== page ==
Mass facing the people: Versus populum celebration of the Eucharistic Sacrifice is a true novelty (St. Peter’s in Rome is the exception that proves the rule). In every religion where sacrifice has been offered, from biblical Judaism to the worship of the pagan Greeks and Romans, priest and people face the same direction, presumably facing the Divinity being implored. Ironically, the versus populum position is far more clericalist than the ad Orientem posture because, perforce, it makes the priest the center of attention.
Extraordinary ministers of Holy Communion: In promulgating Immensae Caritatis (1973), Paul VI gave very precise indications for recourse to the non-ordained for distributing Holy Communion; those norms were subsequently incorporated into the 1983 Code of Canon Law. I have never seen a situation in which those norms are followed.
Lay distribution of the Holy Sacrament diminishes two sacraments: the august nature of the Eucharist (if anyone can distribute It, what’s the big deal?) and the unique identity of the ordained minister. St. Thomas Aquinas, in one of his hymns composed for the feast of Corpus Christi, Sacris Solemniis, has us sing, “as only the priest can confect (the Eucharist), only does he distribute.”
Communion in the hand: This practice arose in the Low Countries, France, and Germany after the Council. Pope Paul consulted the worldwide episcopate about this phenomenon, with the vast majority of bishops voting strongly against it. In Memoriale Domini (1969), the Pope, fearing a schism, acquiesced to the will of the disobedient countries, allowing the continuation of Communion in the hand, there and only there. But it didn’t end in those places. As in many other countries, some liturgists and bishops in the United States sought to get on the bandwagon; the issue came up several times for a vote of our bishops, and each time was defeated. Finally, through the machinations of Cardinal Joseph Bernardin (then president of the episcopal conference), the illicit polling of absent bishops through mail-in ballots (!) brought about victory in 1977.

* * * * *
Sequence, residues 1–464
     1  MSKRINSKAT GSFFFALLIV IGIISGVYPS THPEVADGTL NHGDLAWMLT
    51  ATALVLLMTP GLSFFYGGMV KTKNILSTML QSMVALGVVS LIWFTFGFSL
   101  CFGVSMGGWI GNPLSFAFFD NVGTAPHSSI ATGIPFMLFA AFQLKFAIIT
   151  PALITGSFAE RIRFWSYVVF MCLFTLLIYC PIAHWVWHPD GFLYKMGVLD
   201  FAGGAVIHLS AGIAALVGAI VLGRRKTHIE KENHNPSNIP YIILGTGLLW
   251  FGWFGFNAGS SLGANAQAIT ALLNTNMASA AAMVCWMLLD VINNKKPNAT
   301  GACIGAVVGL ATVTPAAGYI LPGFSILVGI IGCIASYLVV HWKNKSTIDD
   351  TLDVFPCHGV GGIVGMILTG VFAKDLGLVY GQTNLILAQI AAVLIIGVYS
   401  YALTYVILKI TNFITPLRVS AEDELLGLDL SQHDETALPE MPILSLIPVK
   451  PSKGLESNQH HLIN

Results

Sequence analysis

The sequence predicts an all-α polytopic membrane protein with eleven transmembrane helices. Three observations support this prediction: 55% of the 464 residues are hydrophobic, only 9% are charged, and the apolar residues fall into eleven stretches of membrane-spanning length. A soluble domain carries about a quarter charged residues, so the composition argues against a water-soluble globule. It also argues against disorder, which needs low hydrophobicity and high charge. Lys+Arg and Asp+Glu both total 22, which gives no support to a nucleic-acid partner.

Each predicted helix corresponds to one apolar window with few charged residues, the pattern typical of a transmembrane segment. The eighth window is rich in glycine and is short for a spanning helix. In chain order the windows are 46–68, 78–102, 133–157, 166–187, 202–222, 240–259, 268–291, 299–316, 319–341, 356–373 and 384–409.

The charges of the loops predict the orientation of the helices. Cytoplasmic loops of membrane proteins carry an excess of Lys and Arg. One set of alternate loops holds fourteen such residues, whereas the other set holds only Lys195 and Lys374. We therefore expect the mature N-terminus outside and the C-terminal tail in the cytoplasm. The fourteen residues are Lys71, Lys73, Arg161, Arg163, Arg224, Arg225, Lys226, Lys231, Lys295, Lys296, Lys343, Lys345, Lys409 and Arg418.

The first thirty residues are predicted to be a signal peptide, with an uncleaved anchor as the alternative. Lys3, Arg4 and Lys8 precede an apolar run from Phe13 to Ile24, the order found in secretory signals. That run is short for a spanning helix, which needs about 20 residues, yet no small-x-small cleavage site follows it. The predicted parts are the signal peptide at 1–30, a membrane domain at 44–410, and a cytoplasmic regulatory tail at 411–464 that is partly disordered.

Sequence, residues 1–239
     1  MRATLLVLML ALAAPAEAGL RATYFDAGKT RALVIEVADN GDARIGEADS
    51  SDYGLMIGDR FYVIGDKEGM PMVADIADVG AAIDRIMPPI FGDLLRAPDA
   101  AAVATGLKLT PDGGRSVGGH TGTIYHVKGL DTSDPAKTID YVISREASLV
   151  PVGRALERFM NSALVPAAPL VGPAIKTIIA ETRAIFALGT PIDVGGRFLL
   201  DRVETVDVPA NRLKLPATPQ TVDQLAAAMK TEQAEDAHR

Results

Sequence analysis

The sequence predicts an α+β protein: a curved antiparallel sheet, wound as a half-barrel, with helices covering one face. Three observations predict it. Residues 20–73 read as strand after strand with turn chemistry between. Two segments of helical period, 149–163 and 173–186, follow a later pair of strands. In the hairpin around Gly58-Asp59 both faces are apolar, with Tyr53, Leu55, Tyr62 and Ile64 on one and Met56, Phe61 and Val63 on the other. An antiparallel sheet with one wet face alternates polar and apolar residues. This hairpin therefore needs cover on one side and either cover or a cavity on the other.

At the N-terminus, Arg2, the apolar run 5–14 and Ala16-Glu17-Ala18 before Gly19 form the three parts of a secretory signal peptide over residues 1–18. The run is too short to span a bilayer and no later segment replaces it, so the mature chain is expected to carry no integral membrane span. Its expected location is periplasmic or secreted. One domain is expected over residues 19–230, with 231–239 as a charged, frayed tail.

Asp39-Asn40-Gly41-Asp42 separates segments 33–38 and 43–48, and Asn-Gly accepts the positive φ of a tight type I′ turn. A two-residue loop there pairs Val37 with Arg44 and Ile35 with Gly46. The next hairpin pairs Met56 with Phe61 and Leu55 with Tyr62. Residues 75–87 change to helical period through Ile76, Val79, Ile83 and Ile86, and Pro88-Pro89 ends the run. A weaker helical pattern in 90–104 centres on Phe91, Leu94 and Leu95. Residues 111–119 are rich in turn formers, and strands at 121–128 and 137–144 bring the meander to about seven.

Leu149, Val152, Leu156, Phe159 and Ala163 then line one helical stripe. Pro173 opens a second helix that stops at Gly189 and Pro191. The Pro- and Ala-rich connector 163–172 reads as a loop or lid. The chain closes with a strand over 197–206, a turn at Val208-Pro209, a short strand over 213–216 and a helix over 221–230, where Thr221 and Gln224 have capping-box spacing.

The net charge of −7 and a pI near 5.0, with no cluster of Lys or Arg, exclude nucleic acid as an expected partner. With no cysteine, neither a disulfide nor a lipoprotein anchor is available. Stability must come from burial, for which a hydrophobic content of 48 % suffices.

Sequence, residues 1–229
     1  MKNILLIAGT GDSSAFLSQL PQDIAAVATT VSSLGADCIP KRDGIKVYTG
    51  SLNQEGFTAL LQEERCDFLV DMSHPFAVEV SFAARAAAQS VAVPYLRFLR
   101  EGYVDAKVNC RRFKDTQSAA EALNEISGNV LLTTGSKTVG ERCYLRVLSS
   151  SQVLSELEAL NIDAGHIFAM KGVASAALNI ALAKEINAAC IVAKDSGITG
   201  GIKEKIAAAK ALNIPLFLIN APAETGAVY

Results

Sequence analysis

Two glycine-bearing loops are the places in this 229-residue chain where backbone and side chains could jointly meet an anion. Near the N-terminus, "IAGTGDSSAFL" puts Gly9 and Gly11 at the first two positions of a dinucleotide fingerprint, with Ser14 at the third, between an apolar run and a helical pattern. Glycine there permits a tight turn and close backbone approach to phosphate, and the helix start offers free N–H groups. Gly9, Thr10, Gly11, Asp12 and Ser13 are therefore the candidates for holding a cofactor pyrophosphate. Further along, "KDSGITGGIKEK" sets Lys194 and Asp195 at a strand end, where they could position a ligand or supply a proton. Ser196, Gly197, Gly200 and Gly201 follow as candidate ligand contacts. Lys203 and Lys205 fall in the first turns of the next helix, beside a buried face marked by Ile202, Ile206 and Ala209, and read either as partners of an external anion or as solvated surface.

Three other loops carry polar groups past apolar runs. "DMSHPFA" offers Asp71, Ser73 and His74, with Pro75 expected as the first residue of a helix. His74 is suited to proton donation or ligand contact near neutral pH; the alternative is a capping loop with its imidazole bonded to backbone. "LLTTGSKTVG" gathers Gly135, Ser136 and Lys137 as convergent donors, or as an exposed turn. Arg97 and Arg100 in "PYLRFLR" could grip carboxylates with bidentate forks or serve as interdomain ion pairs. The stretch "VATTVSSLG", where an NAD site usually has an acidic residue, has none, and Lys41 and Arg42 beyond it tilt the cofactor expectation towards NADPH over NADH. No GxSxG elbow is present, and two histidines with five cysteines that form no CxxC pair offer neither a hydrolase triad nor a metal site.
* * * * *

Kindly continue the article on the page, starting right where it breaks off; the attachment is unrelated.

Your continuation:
Some counter that Communion in the hand was the practice of the ancient Church, a theory that has been widely questioned. Indeed, there are many practices of the ancient Church that few would want revived – like lifelong penance! What is certainly incontestable is that for over a millennium, reception on the tongue was universal.
The call for its abandonment occurred at the time of the Protestant Reformation. We should not be surprised, then, that 70 percent of Catholics do not believe in the Real Presence (the very statistic that precipitated episcopal alarm) and have a truncated understanding of the Sacred Priesthood (and a concomitant decline in priestly vocations) since the introduction of Communion in the hand more than four decades ago.
No element called for here in any way contradicts a single paragraph of the Vatican II Constitution on the Sacred Liturgy. While still an Anglican, St. John Henry Cardinal Newman warned in 1831: “Rites which the Church has appointed, and with reason, – for the Church’s authority is from Christ, – being long used, cannot be disused without harm to our souls.”
You may also enjoy:
Fr. Thomas G. Weinandy’s Politicizing the Eucharist
Fr. Paul D. Scalia’s Hard Sayings